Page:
Last week I had the privilege of taking a course on social media in education, which was taught by our district's technology coordinator, Dani Herro (@Daniherro). As a little aside, we could not be more lucky to have Dani on our team. Recently receiving her doctorate from Madison, Dani travels the country to speak to educators about the opportunities that technology offers us and our students. Much of her work focuses on gaming in schools, which consequently became a large component of the course.
Enrollment in the course was quite diverse. Of the twelve people enrolled, half were administrators and half were teachers. Experience with social media was split as equally, with one group being comfortable with Facebook, Twitter, etc. and the other being native to these technologies. The course itself focused more on the trends in social media and the implications for K-12 education and less on the actual tools themselves. By doing this, the learning we experienced will outlast the shelf life of a particular fad or tool.
Having explored numerous social media tools and participating in Twitter over the past summer, much of what was discussed in class was review for me. That said, however, I did take away quite a bit, both in terms of stated and unstated objectives for the course. The following list summarizes some major concepts I learned:
- Students of today's high schools are wired differently than I am. Technology has altered the way that modern students' brains are wired. Students can switch between tasks and make connections between ideas at staggering speeds. The problem, however, is that our style of education has not changed to meet the needs of these kids. If we fail to do so, we will make ourselves irrelevant in a very short period of time.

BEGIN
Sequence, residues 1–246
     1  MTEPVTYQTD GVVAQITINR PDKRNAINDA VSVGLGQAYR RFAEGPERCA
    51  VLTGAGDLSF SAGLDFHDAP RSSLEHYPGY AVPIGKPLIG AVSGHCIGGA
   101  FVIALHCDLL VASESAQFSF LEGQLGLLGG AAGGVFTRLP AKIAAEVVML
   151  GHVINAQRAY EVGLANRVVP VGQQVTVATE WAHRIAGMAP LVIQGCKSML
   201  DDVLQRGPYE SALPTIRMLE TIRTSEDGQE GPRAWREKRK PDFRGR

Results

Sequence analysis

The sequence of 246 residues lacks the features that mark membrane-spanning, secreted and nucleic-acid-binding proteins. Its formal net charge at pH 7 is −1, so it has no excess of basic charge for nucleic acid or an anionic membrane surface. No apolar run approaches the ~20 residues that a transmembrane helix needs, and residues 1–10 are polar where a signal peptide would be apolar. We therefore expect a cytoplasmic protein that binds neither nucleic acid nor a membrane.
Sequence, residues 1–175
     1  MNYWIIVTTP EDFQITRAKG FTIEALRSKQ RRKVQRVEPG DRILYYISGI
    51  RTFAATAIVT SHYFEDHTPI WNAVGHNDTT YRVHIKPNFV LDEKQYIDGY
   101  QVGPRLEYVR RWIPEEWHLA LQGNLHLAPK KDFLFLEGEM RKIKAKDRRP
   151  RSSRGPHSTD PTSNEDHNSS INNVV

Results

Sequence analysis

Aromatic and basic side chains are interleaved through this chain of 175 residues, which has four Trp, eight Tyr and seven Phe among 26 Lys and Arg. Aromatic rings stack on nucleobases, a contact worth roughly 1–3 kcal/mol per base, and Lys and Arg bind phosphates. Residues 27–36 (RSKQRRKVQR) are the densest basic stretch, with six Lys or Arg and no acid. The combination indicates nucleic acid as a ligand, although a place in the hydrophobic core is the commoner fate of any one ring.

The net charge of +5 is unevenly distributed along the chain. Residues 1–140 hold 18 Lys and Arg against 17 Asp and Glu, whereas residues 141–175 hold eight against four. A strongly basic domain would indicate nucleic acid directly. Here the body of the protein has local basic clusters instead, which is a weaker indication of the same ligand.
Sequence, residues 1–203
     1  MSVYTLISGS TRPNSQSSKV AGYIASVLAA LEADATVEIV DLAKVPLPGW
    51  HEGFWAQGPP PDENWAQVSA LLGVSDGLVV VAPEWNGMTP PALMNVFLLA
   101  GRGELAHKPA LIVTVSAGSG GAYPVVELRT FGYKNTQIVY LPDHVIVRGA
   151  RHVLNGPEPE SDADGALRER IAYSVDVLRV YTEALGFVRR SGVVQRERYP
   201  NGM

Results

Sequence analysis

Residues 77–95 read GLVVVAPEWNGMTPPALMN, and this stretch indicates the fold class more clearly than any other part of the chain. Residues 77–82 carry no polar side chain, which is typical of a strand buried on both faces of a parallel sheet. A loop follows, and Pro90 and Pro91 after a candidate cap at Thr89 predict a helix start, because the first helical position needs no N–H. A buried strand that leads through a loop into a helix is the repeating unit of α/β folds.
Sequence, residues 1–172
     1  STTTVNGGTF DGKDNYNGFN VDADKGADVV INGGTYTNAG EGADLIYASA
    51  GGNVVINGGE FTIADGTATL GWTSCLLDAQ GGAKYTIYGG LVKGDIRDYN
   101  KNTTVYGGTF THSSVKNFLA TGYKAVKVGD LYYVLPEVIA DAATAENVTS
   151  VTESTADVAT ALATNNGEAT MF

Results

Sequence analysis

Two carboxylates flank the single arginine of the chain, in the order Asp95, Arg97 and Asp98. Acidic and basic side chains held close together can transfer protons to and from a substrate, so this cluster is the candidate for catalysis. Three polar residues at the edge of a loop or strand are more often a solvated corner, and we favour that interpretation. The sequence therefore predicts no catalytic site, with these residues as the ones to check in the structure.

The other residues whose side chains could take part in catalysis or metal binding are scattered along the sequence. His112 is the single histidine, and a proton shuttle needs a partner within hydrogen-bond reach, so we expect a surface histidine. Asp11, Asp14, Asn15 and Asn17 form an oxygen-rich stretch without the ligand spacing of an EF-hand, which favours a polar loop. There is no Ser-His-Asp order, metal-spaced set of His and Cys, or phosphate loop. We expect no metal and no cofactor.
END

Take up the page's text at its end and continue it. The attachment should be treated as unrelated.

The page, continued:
- Technology must be a means to an end, not the end in and of itself. I love Twitter. I love my PLN. I think everyone should use Twitter and use it regularly. That said, however, if I approach my staff this fall and try to push Twitter on them because its "cool" will lead to a miserable failure. Instead, I need to seek out commonly agreed upon problems in our school and then match the appropriate tool to solve that problem. We all know we struggle with communicating with our kids; therefore, we can use Twitter to solve that problem.
- Gamers are actually quite brilliant. We spent a lot of time looking at massively multi-player games in this class. I had always thumbed my nose at people who spent hours playing games like WoW (World of Warcraft for the laymen). After a more careful inspection of these games, however, I now realize just how complex they can be. Players, who are often our students, solve incredibly complex problems and do so by collaborating with peers and older adults from around the world. These games provide rapid, timely and specific feedback on learning in ways that we can only dream about in the classroom. As educators, we have much to learn from these games in terms of assessment and pedagogy.
- Use of technology in your personal life does not always translate to your professional life. Many of the teachers and administrators had experience using social media tools for personal reasons, but when it came to using them in education, there was far less application than I would have thought. The idea that Facebook might have a place in the classroom was novel for even some of our younger folks. This brings me to a corollary of this concept: younger teachers are not necessarily better at using technology in the classroom than older teachers. While novice teachers may be more comfortable with social media, it does not stand to reason that they actually use it to improve learning. This is an important point to remember for future professional development.